More regulations to protect the environment has made designing roads more complex
Last in a series
When Terry Hendryx drives around Clatsop County, he often has a critical eye on the road. He's checking the condition of the asphalt, the angle of the curves, the horizontal and vertical alignment of the road, the slope of banks.
Hendryx is an engineering technician with Clatsop County Public Works Department and helps design the county roads, including the recently completed remodel of Lewis and Clark Road.
"You don't learn anything if you don't look at what you've done," he says.
National County Government Week concludes Saturday. This year's theme is "Transportation: Counties Move America's People and Products." County governments build and maintain about 45 percent of the nation's roads and 44 percent of bridges nationwide.The Clatsop County Board of Commissioners adopted a resolution declaring the week locally. In observance of the week, Clatsop County is profiling some of its Public Works employees.
The county uses a matrix system, weighing current traffic counts, type of traffic, condition of the roadbed and pavement, and other factors, to decide which road projects to do over the next five years. The list is reviewed by a citizen committee called the Public Works Advisory Committee and then taken to the Board of Commissioners to approve. Sometimes the list is changed along the way for various reasons. Such was the case when Lewis and Clark Road was bounced in front of Youngs River Road for the expected increased in traffic from the Corps of Discovery Bicentennial. Two miles of Youngs River Road will be rebuilt this summer.
From drawing board to groundbreaking can take a couple years. Hendryx starts by looking at old surveys to find the legal location of the road. He also goes out to do a physical survey of the actual road to compare to the original. If the two surveys conflict, or if there is no survey documentation, he goes through a process called "legalization," which uses the existing centerline of the road for the basis of the new legal description. He and other Public Works staff meet with the residents, and the Board of Commissioners hold a public hearing.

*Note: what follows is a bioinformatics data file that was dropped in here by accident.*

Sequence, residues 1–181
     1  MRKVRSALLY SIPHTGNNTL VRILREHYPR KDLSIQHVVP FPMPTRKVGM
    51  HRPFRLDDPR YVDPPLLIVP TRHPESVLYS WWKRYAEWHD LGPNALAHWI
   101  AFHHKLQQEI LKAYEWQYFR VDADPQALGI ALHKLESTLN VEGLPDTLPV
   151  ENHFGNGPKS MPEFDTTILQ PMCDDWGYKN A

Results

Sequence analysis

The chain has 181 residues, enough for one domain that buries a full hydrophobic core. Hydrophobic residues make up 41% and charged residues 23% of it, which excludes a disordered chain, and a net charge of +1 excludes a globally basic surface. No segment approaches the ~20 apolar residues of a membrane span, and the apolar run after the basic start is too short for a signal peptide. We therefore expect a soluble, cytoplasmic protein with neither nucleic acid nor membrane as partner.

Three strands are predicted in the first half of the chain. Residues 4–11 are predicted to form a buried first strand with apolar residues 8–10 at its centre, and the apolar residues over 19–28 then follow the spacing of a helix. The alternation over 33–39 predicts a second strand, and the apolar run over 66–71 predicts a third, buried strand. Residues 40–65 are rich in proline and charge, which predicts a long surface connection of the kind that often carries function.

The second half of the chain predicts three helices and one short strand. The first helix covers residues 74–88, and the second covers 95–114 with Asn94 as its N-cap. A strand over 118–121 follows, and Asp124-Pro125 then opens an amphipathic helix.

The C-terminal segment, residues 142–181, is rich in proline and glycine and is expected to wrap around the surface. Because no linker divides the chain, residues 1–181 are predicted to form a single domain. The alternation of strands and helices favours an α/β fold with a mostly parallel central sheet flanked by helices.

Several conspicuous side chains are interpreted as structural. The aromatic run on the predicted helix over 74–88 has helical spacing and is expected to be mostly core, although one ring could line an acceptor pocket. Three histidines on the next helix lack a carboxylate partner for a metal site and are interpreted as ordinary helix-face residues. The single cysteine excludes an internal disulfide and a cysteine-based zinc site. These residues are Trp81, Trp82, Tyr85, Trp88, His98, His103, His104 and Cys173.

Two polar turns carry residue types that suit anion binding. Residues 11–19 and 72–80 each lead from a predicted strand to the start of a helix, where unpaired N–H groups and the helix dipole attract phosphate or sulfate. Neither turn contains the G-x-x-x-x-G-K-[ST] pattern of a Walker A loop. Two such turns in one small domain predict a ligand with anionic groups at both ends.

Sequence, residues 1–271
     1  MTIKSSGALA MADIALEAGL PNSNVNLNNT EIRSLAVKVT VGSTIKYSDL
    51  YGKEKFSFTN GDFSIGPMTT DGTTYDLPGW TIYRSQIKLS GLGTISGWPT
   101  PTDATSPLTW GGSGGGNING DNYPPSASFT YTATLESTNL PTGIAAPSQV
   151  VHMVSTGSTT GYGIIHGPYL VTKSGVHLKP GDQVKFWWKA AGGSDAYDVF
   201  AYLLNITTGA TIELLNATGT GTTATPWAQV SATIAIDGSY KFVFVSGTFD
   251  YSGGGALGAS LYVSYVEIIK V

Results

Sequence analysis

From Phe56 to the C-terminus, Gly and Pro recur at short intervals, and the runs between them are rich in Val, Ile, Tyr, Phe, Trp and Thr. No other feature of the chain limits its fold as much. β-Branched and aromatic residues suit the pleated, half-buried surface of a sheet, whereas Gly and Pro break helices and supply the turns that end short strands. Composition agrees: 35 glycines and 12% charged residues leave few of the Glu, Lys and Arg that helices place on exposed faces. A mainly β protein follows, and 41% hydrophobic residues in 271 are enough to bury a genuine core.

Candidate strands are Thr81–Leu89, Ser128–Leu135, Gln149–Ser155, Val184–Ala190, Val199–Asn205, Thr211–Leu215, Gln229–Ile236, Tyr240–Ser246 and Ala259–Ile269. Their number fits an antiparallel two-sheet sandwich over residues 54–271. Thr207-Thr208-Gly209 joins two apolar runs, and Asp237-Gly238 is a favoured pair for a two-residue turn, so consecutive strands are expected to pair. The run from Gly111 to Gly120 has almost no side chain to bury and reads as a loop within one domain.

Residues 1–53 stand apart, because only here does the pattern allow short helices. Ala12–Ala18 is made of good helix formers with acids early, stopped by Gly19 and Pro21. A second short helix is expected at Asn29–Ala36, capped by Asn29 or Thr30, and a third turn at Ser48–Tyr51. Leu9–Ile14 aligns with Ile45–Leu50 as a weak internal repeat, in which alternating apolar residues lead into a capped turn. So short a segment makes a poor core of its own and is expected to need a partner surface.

The process of designing roads has become more complex with more regulations to protect the environment, Hendryx says. There are more hoops to jump through with more agencies - U.S. Army Corps of Engineers and the Oregon state forestry, fish and wildlife and environmental quality departments, to name a few. Sometimes federal and state requirements conflict with each other, and a permit from one agency could expire before another agency issues its permit. The county uses a wetlands consultant to scout whether there are any wetlands and what kind. Hendryx tries to skirt around wetlands when possible. He also tries to avoid taking out trees and residents' landscaping. He also writes the sometimes lengthy and complicated legal descriptions under the oversight of the county surveyor.
Hendryx uses a computer to plot the current path and design the new road. When he first started 14 years ago, the design work was done by hand. What once took weeks now takes hours. Hendryx says computerization results in safer and better roads because he can try out different designs on the computer and make more finite calculations. Federal and local standards lay out the width of the right-of-way and actual road based on the traffic and designation of the road as an arterial, collector or local use.
Once ground breaks, Hendryx is out on the project site inspecting everything including the depth of the base rock, placement and depth of the ditches and alignment of the culverts, and pouring of the asphalt. Once the project is completed, he goes back to replace the survey monuments and file a new survey document.
Hendryx says he and fellow engineering technician Todd Matz have the best of working environments. They're outside during the summer and indoors, designing during the winter.
The engineering design bug bit Hendryx when he was a student at Seaside High School. A Crown Zellerbach Corp. surveyor and engineer gave a talk about his job and let the kids try out his transits, chains and levels to survey part of Cullaby Lake Park. Hendryx went on to study surveying at Clatsop Community College and earn a bachelor of science in civil engineer technologies from Oregon Institute of Technology. But his graduation came during the recession of the 1980s and he couldn't find work in his field. He joined his dad in the wood products industry until 1989, when the county hired him to inspect utility construction. His job has grown.
A self-professed baseball addict, Hendryx umpires high school, Babe Ruth and junior state baseball games and watches his son Matthew, the youngest of his three kids, play baseball for Pacific University.